Cascade County Celebrates the Great American Smokeout

The Montana Tobacco Use Prevention Program (MTUPP), a statewide program of the Montana Department of Public Health and Human Services, is joining forces with the American Cancer Society for this year’s Great American Smokeout. This annual event challenges smokers to quit cigarettes for at least one day in hopes that they will quit for good. It is held around the country and helps raise awareness about tobacco use and encourages tobacco users to quit, providing them with helpful cessation information and resources.

The Cascade City-County Health Department, in collaboration with the Health and Wellness Center of Malmstrom Air Foce Base, will host the Great American Smokeout on Friday, November 9th at 5:00-7:00pm at the base Fitness Center. The event, which will include a “Dodge Tobacco” dodge ball game, will have tobacco prevention specialists on hand along with quit line information. We will also hold an “Adopt a Smoker for the Day” from 8:00am to 12:00 noon at the base Food Court on November 15th. Our CMR HS reACT youth group will be holding a GASO tobacco educational presentation during lunch, 11:17-12:39 November 14th, in the commons area of the school. All of these events are free and open to the public.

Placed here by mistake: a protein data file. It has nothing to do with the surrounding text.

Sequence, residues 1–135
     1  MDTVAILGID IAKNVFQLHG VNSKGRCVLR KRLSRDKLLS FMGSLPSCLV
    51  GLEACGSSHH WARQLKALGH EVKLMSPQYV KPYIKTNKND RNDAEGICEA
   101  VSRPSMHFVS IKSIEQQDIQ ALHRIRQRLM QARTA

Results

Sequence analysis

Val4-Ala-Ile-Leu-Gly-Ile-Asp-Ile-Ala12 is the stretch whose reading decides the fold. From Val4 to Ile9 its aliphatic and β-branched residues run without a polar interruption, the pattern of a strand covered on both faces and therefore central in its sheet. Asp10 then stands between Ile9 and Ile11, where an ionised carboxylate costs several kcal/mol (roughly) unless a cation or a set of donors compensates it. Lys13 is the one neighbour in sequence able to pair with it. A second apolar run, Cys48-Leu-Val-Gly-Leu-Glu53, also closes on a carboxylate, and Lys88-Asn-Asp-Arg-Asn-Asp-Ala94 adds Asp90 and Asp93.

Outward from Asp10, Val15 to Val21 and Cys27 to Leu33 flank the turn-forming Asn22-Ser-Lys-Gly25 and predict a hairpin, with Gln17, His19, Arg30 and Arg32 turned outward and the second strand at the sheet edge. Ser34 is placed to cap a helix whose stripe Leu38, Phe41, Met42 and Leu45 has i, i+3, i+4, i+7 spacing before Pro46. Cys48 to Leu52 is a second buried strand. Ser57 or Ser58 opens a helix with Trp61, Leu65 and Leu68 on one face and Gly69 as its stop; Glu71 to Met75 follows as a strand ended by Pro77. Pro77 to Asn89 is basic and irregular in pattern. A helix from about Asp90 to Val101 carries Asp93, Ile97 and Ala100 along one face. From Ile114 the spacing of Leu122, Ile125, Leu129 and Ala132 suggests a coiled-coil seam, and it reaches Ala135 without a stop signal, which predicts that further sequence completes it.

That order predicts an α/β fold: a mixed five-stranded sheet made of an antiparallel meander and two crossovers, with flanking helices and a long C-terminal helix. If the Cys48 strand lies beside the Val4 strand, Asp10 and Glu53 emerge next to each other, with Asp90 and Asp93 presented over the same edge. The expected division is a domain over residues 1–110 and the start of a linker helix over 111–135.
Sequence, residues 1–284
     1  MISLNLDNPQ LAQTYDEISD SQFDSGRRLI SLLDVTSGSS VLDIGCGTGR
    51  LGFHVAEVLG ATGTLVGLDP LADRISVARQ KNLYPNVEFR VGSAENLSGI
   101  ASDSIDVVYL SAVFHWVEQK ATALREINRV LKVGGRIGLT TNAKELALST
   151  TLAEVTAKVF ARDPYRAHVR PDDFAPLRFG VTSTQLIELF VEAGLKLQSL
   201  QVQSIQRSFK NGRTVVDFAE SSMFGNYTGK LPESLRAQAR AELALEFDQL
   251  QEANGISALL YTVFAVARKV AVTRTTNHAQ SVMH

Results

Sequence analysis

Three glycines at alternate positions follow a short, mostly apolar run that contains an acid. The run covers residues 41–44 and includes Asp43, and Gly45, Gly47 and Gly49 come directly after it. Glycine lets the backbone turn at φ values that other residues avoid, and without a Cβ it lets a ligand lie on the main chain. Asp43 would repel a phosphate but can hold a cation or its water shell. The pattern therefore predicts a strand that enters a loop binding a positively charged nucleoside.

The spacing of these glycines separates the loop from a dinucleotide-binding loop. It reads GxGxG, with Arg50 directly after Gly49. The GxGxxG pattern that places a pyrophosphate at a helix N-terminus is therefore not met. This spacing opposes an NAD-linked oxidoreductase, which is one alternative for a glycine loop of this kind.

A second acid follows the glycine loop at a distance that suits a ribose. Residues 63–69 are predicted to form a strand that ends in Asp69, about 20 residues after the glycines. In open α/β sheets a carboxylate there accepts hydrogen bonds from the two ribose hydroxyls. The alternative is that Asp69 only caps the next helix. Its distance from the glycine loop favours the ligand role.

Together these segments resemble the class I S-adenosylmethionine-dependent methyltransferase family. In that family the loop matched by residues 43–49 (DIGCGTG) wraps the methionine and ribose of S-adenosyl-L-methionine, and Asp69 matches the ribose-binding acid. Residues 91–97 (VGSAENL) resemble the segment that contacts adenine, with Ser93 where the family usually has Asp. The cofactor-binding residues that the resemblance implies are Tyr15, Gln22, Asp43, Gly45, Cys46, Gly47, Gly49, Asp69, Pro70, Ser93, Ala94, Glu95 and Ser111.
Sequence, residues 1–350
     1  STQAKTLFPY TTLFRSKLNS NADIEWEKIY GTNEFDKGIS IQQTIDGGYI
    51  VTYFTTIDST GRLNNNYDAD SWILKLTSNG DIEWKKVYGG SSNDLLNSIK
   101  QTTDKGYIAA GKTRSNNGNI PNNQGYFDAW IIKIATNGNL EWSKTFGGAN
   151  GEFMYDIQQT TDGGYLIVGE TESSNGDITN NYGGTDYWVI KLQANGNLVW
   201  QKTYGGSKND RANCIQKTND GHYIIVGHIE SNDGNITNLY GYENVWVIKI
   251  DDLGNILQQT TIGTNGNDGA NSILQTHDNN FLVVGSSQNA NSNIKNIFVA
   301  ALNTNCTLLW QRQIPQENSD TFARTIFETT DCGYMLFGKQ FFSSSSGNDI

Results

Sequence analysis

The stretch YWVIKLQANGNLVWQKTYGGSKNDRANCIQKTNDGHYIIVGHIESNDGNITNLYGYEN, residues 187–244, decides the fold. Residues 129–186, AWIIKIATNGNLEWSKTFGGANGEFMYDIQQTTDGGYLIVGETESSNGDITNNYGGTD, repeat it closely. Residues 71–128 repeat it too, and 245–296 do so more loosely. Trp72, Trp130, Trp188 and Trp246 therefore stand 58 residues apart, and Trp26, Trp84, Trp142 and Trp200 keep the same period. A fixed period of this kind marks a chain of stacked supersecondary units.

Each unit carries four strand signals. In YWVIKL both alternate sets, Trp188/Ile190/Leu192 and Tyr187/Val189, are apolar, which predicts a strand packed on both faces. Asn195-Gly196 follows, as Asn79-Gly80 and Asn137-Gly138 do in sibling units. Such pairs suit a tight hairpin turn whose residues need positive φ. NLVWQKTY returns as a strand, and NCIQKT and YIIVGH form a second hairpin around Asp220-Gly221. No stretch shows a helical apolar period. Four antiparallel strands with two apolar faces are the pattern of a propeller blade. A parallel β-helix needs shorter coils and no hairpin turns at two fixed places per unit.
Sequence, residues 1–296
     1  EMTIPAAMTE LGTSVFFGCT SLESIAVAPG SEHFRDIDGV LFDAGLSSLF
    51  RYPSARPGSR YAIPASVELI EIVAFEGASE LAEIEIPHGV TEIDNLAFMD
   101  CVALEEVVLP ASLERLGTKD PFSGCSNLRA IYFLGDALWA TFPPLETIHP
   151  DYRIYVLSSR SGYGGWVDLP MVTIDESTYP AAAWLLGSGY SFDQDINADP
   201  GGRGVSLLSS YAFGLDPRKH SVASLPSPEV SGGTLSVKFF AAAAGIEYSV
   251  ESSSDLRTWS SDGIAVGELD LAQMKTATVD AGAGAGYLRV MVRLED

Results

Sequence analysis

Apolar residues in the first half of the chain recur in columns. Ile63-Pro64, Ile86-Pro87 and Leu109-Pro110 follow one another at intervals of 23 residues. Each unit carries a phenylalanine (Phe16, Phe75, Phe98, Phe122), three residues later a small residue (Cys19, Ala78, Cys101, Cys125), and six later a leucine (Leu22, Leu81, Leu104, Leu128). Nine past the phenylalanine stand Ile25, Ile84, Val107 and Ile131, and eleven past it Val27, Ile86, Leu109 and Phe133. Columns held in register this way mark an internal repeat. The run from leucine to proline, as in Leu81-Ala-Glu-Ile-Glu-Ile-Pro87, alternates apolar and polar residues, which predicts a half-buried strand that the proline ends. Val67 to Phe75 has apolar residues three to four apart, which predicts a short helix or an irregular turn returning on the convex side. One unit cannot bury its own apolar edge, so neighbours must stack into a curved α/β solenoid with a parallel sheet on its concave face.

The Great American Smokeout raises awareness about the deaths and chronic diseases caused by smoking. One thousand four hundred (1,400) Montanans die every year from tobacco-related illnesses. Tobacco Prevention Specialist Teddy Nault said, “We’re challenging smokers to stop tobacco use for the day and will provide information on effective ways to quit permanently, including information on the Montana Tobacco Quit Line.” Tobacco users who call the Montana Tobacco Quit Line are 7 to 10 times more likely to quit. The Montana Tobacco Quit Line at 1-800-QUIT-NOW (784-8669) offers free help to Montanans who want to quit using tobacco. The Quit Line offers free nicotine replacement therapy, such as patches, lozenges and gum, and free or low-cost medications.

For more information, visit CCHD’s Tobacco Use Prevention Program.